Pirates of the Pacific: Ralph Jones & Andrea Torres
This is part of the continuing series of Ecuador expat interviews, under the banner of “Pirates of the Pacific”. Each will feature a new story of a long journey to reach the shores of Ecuador. We want to always inform and occasionally entertain, with an emphasis on no holds barred candor. We want real people, with real stories. The good, the bad, the ugly. We want to get to know them personally and experience Ecuador through the eyes of our fellow Pirates.
The raw nature of these interviews forced a difficult decision upon me. The series would read better and be more journalistically entertaining, written in narrative format. However, the raw energy and candor could be lost in translation. I have instead chosen the more cumbersome, but infinitely more real, Q&A approach to the Pirate’s tale. Walking the plank, today, are the husband and wife couple of and Ms. Andrea “Andi” Torres (AT) Mr. Big Ralph Jones (RJ) . He is British and she is Ecuadorean.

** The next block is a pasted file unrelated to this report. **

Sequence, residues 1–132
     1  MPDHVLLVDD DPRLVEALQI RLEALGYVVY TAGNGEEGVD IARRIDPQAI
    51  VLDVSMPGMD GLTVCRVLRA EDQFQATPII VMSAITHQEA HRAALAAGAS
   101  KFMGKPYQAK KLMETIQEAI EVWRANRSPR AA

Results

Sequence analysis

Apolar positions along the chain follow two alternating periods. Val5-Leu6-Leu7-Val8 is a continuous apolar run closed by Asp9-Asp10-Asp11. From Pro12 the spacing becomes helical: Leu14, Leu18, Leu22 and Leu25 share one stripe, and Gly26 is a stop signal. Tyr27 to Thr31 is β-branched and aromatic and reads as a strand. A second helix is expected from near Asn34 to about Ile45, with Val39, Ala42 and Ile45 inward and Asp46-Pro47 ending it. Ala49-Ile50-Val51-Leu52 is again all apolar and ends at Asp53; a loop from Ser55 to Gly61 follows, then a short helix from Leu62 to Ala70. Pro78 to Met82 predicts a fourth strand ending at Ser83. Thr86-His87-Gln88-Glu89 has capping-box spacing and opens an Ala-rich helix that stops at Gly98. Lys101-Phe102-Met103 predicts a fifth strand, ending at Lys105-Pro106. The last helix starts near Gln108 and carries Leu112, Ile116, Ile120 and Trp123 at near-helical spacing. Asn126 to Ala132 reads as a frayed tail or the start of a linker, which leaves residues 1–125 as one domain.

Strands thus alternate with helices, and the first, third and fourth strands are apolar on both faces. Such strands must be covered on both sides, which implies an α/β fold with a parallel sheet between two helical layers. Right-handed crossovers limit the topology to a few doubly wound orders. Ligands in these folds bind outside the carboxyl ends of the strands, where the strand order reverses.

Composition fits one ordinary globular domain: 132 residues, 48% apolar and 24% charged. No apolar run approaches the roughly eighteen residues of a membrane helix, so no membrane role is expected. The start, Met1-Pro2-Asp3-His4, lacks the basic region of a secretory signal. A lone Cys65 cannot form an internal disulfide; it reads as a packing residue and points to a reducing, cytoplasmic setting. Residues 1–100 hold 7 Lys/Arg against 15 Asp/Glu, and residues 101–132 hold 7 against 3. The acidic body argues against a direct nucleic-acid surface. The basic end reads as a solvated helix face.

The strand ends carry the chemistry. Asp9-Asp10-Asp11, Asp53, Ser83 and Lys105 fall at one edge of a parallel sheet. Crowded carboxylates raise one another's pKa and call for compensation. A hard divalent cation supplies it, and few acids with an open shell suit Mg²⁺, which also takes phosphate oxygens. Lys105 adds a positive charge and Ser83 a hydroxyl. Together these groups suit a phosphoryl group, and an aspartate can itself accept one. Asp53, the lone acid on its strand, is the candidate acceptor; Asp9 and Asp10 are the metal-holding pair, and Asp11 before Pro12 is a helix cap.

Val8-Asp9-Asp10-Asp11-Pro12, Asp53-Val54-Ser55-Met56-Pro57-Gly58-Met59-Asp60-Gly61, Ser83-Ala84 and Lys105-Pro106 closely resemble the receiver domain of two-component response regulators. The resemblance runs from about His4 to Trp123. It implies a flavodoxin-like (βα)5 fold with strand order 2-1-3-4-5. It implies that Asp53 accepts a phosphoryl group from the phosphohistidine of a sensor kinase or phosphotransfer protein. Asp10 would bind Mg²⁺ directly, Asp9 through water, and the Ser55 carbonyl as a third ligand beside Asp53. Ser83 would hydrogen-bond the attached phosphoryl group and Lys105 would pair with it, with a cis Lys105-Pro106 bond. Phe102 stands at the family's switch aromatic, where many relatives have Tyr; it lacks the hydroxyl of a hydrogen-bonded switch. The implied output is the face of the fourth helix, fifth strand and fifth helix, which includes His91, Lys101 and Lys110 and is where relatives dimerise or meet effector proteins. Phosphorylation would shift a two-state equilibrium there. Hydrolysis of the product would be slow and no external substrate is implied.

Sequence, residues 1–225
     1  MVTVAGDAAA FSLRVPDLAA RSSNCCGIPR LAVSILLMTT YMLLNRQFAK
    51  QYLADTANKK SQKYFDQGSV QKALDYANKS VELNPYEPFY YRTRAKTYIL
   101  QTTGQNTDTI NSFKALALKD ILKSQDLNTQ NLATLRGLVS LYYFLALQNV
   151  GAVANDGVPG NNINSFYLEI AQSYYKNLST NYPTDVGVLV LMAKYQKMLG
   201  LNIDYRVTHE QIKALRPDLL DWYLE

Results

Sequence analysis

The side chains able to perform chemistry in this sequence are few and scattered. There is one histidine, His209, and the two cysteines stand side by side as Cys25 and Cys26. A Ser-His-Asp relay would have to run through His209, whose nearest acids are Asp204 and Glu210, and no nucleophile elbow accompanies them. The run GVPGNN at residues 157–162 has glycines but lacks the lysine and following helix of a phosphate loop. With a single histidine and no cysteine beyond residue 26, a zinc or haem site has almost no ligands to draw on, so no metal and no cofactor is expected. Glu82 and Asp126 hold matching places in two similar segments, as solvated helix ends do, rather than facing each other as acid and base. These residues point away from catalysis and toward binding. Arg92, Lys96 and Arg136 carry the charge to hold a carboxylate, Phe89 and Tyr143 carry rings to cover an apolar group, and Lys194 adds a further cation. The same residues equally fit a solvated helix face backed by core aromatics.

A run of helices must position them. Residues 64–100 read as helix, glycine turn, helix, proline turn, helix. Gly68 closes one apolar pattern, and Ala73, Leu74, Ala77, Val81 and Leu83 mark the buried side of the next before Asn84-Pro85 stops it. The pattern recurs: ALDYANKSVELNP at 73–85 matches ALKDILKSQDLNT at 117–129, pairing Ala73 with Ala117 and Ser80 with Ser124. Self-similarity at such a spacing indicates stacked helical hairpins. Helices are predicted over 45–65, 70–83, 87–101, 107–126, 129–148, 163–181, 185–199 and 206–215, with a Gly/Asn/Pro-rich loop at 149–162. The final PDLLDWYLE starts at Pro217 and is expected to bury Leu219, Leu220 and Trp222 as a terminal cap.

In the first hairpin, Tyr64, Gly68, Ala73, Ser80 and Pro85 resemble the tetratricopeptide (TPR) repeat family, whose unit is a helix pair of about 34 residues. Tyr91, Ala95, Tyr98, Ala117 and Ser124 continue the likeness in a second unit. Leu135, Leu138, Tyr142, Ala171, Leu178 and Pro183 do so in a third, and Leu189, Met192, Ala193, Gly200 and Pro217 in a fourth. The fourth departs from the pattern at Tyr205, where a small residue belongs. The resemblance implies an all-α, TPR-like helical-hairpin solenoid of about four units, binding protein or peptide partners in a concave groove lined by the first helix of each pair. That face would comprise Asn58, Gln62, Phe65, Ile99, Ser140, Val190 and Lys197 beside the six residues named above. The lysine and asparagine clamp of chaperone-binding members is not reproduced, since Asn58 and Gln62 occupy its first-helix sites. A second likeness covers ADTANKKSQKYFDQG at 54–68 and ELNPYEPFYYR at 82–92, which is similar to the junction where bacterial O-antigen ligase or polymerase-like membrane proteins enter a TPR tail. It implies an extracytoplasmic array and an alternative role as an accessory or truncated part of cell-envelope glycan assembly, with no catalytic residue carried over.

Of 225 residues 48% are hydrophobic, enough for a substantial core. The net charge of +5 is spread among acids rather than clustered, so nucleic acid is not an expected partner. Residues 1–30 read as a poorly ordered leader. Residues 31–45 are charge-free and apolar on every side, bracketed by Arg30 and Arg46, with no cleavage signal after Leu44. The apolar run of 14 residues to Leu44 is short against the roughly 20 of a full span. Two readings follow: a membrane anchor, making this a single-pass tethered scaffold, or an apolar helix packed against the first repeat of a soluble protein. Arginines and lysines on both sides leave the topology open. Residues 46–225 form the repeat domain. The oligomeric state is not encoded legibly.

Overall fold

HQ: Well, in our usual direct approach, let’s get this session going. So, where were you two most recently living, prior to your moving to Ecuador?
RJ: We were living in Essex, just on the outskirts of London in the UK.
HQ: Had you both been there for a long time in Essex?
AT: Well, I had been there for something over 4 years.
RJ: I had been there much longer, but 4 years is about the period of time that me and Andi spent together in Essex.
HQ: So, did you two meet in Essex, while both living there?
RJ: Actually, we met in London, didn’t we?
AT: Yes, we did.